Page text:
While Nathan lay watching at the renegade’s hut, there came a change over the aspect of the night, little less favourable to his plans and hopes than even the discovery of Edith’s place of concealment, which he had so fortunately made. The sky became suddenly overcast with clouds, and deep darkness invested the Indian village; while gusts of wind, sweeping with a moaning sound over the adjacent hills, and waking the forests from their repose, came rushing over the village, whirring and fluttering aloft like flights of the boding night-raven, or the more powerful bird of prey that had given its name to the chieftain of the tribe.
In such darkness, and with the murmur of the blasts and the rustling of boughs to drown the noise of his footsteps, Nathan no longer feared to pursue his way; and rising boldly to his feet, drawing his blanket close around him, and assuming, as before, the gait of a savage, he strode forwards, and in less than a minute, was upon the public square,—if such we may call it,—the vacant area in the centre of the village, where stood the rude shed of bark and boughs, supported by a circular range of posts, all open, except at top, to the weather, which custom had dignified with the title of Council-house. The bounds of the square were marked by clusters of cabins placed with happy contempt of order and symmetry, and by trees and bushes that grew among and behind them, particularly at the foot of the hill on one side, and, on the other, along the borders of the river; which, in the pauses of the gusts, could be heard sweeping hard by over a broken and pebbly channel. Patches of bushes might even be seen growing in places on the square itself; and here and there were a few tall trees, remnants of the old forest which had once overshadowed the scene towering aloft, and sending forth on the blast such spiritual murmurs, and wild oraculous whispers, as were wont, in ancient days, to strike an awe through soothsayers and devotees in the sacred groves of Dodona.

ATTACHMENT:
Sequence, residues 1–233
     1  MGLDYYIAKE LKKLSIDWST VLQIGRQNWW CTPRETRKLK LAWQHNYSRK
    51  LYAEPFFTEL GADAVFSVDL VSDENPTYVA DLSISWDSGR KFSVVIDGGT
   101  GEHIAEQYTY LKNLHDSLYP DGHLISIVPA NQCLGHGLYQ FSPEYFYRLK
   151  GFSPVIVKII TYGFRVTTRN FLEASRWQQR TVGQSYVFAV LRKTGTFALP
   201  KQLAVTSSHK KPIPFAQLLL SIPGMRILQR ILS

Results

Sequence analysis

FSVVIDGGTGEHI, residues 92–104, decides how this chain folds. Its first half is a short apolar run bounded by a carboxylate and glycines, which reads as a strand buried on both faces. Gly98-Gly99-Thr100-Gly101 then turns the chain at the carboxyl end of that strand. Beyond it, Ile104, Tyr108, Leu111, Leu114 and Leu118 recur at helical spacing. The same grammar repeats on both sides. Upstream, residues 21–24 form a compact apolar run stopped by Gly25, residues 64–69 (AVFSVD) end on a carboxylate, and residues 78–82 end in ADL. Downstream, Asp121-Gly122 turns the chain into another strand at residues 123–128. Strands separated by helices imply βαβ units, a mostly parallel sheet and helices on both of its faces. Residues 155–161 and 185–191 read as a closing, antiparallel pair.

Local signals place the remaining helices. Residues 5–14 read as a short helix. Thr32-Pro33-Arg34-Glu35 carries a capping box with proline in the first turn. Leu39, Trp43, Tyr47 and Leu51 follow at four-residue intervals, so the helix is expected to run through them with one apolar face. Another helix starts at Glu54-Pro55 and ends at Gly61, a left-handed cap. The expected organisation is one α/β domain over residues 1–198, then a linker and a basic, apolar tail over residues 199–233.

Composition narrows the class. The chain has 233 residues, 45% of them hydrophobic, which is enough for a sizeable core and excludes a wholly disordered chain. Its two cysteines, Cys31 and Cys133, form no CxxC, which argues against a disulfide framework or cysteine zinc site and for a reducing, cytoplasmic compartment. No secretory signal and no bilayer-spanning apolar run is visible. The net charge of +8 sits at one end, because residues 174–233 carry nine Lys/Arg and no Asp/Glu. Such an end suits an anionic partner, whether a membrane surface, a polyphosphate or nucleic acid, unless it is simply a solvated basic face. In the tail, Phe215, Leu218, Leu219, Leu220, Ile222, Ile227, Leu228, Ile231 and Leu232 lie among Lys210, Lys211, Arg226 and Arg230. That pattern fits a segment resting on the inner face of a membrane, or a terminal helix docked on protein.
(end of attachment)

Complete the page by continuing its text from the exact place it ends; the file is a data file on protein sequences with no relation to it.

Through this square, looking solitude and desolation together, lay the path of the spy; and he trode it without fear, although it offered an obstruction that might well have daunted the zeal of one less crafty and determined. In its centre, and near the Council-house, he discovered a fire, now burning low, but still, as the breeze, time by time, fanned the decaying embers into flame, sending forth light enough to reveal the spectacle of at least a dozen savages stretched in slumber around it, with as many ready rifles stacked round a post hard by. Their appearance, without affrighting, greatly perplexed the man of peace; who, though at first disposed to regard them as a kind of guard, to whom had been committed the charge of the village and the peace of the community, during the uproar and terrors of the debauch, found reason, upon more mature inspection, to consider them a band